Everyday technology already installed in vehicles or added by drivers could enable a range of connected services to be developed and deployed, making driving smoother and safer and traffic management more efficient and effective, but only if gaps in the chain between data generation, collection and ultimately data use are plugged.
Dashcams, black-box insurance products, smartphone apps and satnavs all generate huge volumes of data, but the key to making the most of that data lies in getting it, appropriately processed, into the hands of those taking the decisions, be they the drivers of vehicles or those responsible for designing and managing traffic control systems. This is an institutional rather than a technological issue, with the challenge of developing a compelling business model to get the right people in the right places with the right skills to maximise the value of the data coming through.
In-vehicle telematics systems and apps on smartphones generate data about the speed at which the vehicle is moving and its location. If this data was accessible to others then the location and speed could detect queues at traffic lights to improve their timing plans, while processed images of the road and data on acceleration up-and-down could reveal the condition of the road surface and inform the highway authority’s maintenance and repair plans.
This same connectivity could be used to inform drivers of the best speed to drive at to go through the next set of traffic lights at green, and also add extra warnings and information into their vehicles, ranging from parking availability to telling drivers of hazards where there are no gantry signs available.
Perhaps the most widespread connected vehicle service already transmitted to drivers is guidance from various satnav services, but other services are starting to become more common – for example, the displaying of the location and availability of parking spaces. Looking ahead, more data from road operators could also be processed by these service providers into messages that are sent to the road user directly, to help inform and change their behaviour.
A new RAC Foundation report produced by Andy Graham of White Willow Consulting looks at four examples where data is collected and shared through connectivity:
Graham concludes that in each instance there is potential for wide benefits to be achieved, but action will be needed to fill a set of current gaps in the delivery chain without which that potential will not be realised.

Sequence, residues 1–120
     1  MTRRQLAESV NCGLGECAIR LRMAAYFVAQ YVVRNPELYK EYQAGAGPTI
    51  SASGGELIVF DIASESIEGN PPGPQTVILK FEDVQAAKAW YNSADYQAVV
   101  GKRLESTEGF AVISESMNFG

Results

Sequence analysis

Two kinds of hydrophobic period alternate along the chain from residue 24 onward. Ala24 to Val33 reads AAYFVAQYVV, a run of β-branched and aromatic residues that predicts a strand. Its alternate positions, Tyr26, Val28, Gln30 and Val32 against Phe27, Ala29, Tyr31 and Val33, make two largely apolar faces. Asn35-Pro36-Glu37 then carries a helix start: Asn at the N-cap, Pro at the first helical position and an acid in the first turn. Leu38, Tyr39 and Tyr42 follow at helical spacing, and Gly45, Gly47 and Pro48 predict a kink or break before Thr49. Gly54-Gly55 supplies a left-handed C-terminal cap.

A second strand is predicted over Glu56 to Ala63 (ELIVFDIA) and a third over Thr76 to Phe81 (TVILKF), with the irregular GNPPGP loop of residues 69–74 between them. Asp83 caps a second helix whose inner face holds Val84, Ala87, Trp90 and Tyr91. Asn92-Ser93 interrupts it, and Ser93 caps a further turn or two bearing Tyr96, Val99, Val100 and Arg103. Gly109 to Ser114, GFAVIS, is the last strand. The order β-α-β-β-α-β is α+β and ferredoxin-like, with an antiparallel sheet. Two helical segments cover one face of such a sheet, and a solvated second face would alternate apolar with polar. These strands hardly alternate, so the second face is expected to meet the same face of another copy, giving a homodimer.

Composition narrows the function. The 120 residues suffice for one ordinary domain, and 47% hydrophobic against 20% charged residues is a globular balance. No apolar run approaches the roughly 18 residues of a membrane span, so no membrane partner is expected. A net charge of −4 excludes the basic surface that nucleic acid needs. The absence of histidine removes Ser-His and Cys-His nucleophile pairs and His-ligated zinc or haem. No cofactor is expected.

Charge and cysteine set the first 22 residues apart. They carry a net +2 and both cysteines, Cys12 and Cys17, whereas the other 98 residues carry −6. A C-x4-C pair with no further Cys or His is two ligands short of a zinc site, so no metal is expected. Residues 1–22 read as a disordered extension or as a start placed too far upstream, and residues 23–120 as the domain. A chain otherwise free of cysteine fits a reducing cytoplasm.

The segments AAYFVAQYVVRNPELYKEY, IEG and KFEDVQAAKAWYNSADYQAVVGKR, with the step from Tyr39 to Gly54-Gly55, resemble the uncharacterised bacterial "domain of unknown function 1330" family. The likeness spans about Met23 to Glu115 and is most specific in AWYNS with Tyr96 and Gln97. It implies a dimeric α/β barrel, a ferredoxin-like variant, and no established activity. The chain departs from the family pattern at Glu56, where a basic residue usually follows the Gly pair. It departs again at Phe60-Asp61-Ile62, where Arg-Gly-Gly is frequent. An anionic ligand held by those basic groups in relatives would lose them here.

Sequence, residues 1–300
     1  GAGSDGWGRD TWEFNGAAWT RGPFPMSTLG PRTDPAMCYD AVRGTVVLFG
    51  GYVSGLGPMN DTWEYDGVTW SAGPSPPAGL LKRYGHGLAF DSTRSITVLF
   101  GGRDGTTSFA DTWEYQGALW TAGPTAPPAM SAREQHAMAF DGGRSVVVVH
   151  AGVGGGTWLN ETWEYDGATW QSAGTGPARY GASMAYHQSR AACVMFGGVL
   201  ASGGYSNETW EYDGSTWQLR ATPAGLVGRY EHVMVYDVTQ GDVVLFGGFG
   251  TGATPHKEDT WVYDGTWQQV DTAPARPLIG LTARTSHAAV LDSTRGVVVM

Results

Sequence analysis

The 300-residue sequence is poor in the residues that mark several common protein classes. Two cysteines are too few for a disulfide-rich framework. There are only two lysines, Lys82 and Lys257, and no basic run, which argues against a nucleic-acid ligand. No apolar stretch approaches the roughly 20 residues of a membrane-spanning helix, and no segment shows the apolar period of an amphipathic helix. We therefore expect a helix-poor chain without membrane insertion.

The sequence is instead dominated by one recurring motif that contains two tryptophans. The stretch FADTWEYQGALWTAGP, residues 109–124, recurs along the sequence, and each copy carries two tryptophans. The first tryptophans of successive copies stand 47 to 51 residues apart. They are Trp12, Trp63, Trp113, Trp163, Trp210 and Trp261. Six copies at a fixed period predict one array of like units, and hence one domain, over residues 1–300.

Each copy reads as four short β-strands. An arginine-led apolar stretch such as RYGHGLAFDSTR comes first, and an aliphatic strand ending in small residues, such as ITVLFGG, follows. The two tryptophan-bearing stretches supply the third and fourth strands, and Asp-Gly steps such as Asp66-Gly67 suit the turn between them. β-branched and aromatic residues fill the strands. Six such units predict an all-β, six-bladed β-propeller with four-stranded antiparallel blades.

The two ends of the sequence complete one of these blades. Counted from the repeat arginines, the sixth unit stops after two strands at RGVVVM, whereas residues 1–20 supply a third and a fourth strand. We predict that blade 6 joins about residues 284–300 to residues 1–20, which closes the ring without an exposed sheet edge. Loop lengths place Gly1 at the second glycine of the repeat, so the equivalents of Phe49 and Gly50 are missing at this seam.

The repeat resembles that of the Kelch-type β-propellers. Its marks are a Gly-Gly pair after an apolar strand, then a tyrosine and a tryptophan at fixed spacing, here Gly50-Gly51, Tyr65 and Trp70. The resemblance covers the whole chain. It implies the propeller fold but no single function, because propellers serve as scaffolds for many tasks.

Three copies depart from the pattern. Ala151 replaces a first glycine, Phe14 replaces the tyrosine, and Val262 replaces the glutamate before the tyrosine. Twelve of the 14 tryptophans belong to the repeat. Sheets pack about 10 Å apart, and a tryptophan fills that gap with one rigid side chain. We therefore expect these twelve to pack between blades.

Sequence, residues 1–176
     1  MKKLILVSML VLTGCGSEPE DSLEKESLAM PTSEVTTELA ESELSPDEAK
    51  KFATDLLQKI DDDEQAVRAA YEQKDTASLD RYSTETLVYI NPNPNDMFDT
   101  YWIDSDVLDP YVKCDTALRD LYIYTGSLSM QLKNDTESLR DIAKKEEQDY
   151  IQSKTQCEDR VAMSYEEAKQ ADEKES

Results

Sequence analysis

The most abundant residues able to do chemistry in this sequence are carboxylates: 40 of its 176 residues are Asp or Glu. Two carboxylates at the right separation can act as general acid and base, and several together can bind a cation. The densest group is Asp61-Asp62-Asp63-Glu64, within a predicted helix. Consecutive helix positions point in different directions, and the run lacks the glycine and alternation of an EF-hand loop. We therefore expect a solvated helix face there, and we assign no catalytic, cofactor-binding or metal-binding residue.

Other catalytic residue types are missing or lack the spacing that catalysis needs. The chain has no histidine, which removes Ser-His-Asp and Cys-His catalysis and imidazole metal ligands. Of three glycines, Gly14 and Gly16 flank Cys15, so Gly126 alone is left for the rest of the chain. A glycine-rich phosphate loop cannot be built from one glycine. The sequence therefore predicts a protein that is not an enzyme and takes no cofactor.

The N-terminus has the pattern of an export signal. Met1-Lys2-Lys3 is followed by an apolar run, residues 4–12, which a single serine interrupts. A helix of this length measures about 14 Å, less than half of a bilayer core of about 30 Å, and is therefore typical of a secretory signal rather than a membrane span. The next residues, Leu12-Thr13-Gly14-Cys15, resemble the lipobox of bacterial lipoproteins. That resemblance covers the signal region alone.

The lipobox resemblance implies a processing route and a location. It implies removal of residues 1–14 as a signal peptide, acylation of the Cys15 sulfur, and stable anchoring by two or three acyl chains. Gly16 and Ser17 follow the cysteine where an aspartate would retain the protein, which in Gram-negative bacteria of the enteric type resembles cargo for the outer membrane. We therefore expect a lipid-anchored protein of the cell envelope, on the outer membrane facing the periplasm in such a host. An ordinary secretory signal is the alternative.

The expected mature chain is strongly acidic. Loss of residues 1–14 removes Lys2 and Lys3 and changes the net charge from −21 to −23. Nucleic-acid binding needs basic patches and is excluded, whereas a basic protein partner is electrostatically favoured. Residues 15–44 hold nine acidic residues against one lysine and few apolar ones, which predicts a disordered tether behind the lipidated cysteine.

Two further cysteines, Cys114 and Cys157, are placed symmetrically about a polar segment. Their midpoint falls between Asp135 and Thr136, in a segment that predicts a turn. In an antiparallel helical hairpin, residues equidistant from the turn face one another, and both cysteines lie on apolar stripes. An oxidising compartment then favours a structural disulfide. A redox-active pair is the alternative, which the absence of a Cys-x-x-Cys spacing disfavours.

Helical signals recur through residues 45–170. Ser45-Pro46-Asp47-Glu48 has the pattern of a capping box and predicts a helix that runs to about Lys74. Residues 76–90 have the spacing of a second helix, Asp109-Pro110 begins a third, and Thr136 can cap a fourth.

In Driven by Information: Securing the benefits from connected vehicles, Graham says that there is a risk of allowing the best to become the enemy of the good. He also suggests that there is potential to bring forward the benefits of connectivity by focusing on specific applications and specific locations, rather than trying to develop a universal high tech solution. He writes: “Early services need simply to be ‘good enough’ to make ‘enough roads’ better.”
Amongst solutions to filling the gaps are for the Department for Transport (DfT) and the Centre for Connected and Autonomous Vehicles (CCAV) to set out a strategy for securing the early benefits of connectivity, to support wider evaluation and awareness of its benefits across both industry and highway authorities, and to consider establishing a central data warehouse that individual local highway authorities could more easily access.
Andy Graham says: “I was delighted to undertake this research for the RAC Foundation. It reinforced my view that the complete detailed data chain needs to be in place for benefits to flow widely. It must also include softer aspects like driver acceptance and trust, training and support for highway authorities and ensuring a focus on all road users’ data, not just that harvested from new cars. Testing technology alone is not enough.
“It also shows there is no single silver bullet solution – I found many gaps across the four services that are common which need to be filled by many different players in the data chain. Work is already starting on completing some of these gaps, but they all need to be filled for the full benefits to flow.
“The four services I looked at can all use existing 4G communications for ‘good enough’ services and also ‘piggy back’ on one another to increase benefits. We need to combine services as drivers do not know or care about the difference between them. We need to think of what the driver wants first, not the technology definitions. The UK leads the way technically in many of the service areas I looked at, especially with new innovations in traffic lights and asset management. But taking these ideas from technical research to wider day to day use by practitioners remains the challenge.”